As spey fisherman and steelheaders most of us understand that catching fish is the icing on the cake with regards to the overall experience. The excitement of a day on the water starts with lacing up the boots at the crack of dawn, looking over the slick shine of a steelhead run as the last of the fog burns off. Opening up your favourite fly box and selecting the perfect mix of feathers to swing. The lead up, the anticipation, the scenery, and that first swing already makes it a successful day long before any fish are hooked.
With this in mind, many people are catching on to the opportunities of swinging spey rods for king salmon.
Although we all dream of swinging grease lines, or skating dries the reality of the game is if we plan on fishing often throughout a calendar year one has to come to terms with a sink tip. Once you get used to that idea an entire world of spey fishing opens up, one that we have been fully immersed in for the past 5 years.
Swinging for kings is technically similar to winter steelhead. Depth and speed of the swing are very important to be successful. Similar to winter steelhead, under the right circumstances King salmon are extremely aggressive to a swung fly. They often hold right in steelhead water, but also enjoy runs with a little less current and a little more depth. They are extremely aggressive making them an incredible fish to swing flies for. They hold in the right kind of water for spey fisherman, and hit your fly with reckless abandon.
However there are still rivers in far off places, where humans haven’t touched, that have strong runs of wild king salmon, and little angling pressure. The first area I saw like this that opened my eyes to the opportunity was on the Alaskan Peninsula on the Ilnik River where the lodge I was working at had an outpost camp. The kings pushed in hard off the tides and were extremely aggressive to our swung flies. Big strong silver dollar fish beating our gear into submission with exhausting runs, and undying grit.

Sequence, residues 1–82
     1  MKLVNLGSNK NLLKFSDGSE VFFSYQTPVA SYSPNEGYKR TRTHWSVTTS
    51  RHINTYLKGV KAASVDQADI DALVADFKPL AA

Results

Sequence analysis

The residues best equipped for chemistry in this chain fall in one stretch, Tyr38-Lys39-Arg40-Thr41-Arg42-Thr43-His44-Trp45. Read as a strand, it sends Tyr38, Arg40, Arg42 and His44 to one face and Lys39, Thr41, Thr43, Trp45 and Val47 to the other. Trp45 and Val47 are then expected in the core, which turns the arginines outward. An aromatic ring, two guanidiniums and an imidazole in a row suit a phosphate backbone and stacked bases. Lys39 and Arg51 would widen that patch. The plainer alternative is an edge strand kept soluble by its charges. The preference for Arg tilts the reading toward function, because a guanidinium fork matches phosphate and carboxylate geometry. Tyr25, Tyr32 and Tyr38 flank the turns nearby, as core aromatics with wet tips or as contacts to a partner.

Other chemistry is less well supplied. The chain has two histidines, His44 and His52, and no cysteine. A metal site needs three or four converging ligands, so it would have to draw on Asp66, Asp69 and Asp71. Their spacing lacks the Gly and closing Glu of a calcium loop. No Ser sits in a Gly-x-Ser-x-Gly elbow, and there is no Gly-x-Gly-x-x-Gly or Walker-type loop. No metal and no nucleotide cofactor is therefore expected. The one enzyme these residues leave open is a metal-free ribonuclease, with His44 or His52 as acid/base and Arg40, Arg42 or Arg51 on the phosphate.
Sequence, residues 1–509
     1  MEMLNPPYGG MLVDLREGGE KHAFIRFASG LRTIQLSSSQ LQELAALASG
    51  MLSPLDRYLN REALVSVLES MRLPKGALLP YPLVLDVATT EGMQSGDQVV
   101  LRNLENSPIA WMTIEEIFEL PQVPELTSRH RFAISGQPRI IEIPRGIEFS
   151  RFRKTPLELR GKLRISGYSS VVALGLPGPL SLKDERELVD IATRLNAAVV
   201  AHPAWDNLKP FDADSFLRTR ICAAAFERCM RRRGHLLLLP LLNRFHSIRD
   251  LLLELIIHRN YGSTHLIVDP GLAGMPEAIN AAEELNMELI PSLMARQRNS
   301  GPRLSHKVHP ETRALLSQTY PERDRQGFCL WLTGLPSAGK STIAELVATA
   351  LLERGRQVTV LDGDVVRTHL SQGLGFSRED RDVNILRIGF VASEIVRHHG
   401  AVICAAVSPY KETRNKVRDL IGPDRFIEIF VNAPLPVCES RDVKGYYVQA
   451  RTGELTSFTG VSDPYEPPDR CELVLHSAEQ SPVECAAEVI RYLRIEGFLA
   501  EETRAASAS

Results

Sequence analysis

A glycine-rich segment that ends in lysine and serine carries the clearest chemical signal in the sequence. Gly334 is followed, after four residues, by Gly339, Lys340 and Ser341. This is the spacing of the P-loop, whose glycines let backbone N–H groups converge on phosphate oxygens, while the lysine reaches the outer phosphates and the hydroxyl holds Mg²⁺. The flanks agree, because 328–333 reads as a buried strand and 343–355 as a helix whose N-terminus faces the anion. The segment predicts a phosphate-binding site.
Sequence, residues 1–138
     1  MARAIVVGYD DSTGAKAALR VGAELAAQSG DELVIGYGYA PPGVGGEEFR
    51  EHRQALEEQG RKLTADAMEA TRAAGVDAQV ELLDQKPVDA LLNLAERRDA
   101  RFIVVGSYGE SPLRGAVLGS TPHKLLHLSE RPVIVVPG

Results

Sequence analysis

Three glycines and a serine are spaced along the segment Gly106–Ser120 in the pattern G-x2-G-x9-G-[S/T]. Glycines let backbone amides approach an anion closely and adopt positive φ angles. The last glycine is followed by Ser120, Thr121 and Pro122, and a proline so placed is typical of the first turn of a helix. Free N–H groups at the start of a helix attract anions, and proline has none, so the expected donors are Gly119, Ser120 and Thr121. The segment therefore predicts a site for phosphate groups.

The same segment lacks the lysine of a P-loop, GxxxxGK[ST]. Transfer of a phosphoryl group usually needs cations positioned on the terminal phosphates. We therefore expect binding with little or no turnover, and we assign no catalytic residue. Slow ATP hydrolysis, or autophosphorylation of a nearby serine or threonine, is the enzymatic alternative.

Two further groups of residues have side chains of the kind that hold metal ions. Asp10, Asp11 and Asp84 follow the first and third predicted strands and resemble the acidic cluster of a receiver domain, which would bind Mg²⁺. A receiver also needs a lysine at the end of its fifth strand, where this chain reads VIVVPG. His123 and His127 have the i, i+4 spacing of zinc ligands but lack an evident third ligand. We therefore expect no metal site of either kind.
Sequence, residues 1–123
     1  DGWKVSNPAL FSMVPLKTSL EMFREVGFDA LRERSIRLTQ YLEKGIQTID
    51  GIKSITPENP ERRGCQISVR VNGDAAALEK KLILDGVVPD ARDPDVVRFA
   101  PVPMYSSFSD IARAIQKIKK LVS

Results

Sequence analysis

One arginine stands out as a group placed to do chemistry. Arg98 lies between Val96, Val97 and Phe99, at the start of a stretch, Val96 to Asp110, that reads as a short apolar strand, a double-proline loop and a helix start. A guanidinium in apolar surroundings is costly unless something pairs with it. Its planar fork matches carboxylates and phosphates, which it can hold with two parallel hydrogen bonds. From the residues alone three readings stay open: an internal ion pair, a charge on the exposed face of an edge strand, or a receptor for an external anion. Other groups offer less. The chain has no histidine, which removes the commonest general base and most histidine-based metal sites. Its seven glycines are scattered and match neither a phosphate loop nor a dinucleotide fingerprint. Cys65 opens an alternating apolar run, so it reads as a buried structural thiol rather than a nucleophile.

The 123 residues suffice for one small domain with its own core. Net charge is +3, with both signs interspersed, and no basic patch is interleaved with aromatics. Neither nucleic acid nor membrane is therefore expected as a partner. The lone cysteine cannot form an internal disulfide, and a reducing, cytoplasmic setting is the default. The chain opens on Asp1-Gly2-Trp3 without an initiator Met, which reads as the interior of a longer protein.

Long after I left Alaska that image was still burned into my brain. Moving from Alaska to northern BC was an easy transition and I picked up right where I left off with the king fishing. However, different from the peninsula the king rivers on the coast up north offer some of the most spectacular scenery in the world. Swinging for these mighty fish under the backdrop of enormous glaciers, and granite rock faces creates a true wilderness experience that will stay with you for years. There are very few other anglers on the rivers due to access subject to several hour boat rides, or helicopter and floatplanes. These are trophy wild fish in pristine mountainous terrains that leave you speechless each and every time they bite your fly.
I love fishing smaller coastal rivers for kings because not only do you catch them in tidal water, you are in sight of the ocean the entire time. This means with proper planning, during the high sun part of the day when the fish tend not to bite, you have time to go check the crab and prawn traps, or catch some halibut for dinner. Living off the land and spey fishing close to the ocean is always a huge bonus on any trip targeting anadromous fish.
The experience of targeting wild kings in remote coastal BC is an adventure for those that crave an experience that takes them far away from the concrete confines of the city. One where no one truly knows what each tide, twice a day will bring. Wild anadromous fish, in a wild river, surrounded by pristine mountains under the longest days of the year armed only with your spey rod in hand. Its no wonder I fell in love with this fishery, and I'm sure everyone else who tries it will as well.